Those are such good days. They're book and fire days, or, more popularly in our house, living room-fort building days. Then, of course, the snow itself falls silently, and whatever the rain didn't mute, it blankets and holds in a sort of spell. The air is still; the birds only move when they need to; and the quickest thing around is smoke from nearby chimneys.
|A sycamore in rest|
I want this atmosphere around me to not only remind me to slow down, but to also be a kind of analogy for myself. A few years ago I discovered that the winter months are not the greatest in which for me to write. I suppose I realized my body actually does react to the weather; what I decided was that I should use that down time wisely and rest.
The creation does it; whole months are set aside to prepare for the explosion of growth in the spring and summer. Why not set this season aside (as much as you can), accept that you can't be as productive as you'd like all year long, and prepare yourself for growth in the warmer months? Perhaps it could be a time to reflect on what you have done to this point in your life, and what you'd like your legacy to be.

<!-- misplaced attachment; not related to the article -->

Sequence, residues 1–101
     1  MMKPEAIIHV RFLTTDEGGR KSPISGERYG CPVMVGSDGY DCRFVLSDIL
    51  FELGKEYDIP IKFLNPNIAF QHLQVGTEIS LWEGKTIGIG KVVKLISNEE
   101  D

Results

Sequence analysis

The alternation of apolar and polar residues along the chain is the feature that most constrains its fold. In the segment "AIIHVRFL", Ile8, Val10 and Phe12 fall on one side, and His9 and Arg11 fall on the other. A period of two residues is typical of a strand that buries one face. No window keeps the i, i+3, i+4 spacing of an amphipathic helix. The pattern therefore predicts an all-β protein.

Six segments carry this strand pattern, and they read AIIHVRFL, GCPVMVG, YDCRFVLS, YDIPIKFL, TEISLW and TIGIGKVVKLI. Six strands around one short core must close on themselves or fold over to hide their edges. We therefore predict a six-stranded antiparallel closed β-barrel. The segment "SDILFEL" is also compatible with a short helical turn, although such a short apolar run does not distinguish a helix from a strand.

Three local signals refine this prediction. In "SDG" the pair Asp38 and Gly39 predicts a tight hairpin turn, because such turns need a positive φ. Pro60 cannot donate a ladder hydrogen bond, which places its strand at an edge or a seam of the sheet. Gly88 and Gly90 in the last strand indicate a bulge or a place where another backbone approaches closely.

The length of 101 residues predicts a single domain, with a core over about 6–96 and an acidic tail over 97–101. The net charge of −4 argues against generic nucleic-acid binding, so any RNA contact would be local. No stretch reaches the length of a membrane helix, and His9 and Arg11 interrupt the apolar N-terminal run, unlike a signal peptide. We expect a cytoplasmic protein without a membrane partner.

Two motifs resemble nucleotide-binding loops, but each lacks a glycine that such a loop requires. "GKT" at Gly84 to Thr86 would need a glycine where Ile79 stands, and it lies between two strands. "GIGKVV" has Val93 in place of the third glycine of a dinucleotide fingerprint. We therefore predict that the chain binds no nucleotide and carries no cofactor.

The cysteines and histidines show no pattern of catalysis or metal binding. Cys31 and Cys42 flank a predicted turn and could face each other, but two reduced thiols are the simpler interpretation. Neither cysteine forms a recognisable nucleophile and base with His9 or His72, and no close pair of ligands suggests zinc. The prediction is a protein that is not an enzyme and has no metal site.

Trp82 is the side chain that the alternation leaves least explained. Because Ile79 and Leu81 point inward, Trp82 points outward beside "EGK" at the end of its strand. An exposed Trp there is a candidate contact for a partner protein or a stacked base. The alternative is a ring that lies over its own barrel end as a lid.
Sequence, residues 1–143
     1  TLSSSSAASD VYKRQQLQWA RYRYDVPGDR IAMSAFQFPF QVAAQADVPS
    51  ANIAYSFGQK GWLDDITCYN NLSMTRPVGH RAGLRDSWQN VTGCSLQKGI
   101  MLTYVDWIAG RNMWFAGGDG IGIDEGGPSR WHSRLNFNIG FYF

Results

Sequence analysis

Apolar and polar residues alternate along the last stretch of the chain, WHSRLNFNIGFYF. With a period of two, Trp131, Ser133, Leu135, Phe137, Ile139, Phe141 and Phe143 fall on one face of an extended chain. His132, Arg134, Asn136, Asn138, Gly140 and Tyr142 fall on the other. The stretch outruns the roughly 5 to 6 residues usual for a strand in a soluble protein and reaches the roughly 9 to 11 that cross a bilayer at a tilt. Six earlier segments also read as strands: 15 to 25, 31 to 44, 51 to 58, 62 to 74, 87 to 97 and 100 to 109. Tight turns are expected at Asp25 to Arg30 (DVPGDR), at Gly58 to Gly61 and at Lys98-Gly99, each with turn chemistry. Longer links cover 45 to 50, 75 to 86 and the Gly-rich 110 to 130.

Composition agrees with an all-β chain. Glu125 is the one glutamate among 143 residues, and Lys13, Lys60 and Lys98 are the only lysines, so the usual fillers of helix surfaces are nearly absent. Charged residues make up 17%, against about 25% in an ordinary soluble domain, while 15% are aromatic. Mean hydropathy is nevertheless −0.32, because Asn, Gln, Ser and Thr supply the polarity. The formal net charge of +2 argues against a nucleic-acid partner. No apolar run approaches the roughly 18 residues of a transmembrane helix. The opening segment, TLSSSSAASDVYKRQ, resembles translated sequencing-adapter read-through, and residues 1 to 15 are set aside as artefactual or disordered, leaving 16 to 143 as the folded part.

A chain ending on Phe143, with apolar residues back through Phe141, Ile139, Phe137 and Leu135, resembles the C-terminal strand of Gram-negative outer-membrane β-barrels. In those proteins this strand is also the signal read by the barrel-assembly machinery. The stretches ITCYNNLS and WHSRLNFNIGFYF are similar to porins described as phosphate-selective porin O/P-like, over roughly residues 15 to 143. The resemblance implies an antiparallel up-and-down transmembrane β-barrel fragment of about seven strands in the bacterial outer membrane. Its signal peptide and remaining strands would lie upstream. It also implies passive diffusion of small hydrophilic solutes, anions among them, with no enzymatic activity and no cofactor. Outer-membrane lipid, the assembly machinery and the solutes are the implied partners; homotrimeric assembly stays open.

I know I've been thinking about these things lately, especially as it pertains to writing. Over the long break I get from school I'll probably work on this blog as well as my novel (You Come Too). But I'll also be mindful of the rest I need, and I'll be thinking about what kind of work I need to plan for my most productive times of the year.
I stumbled back to Ann Voskamp's blog the other day. Her post from 12/2 seemed particularly apt to my mood lately, and her posts labeled "The Year of Here" are great for reflection. Her posts are full of great pictures and inspiring words.
Her blog: A Holy Experience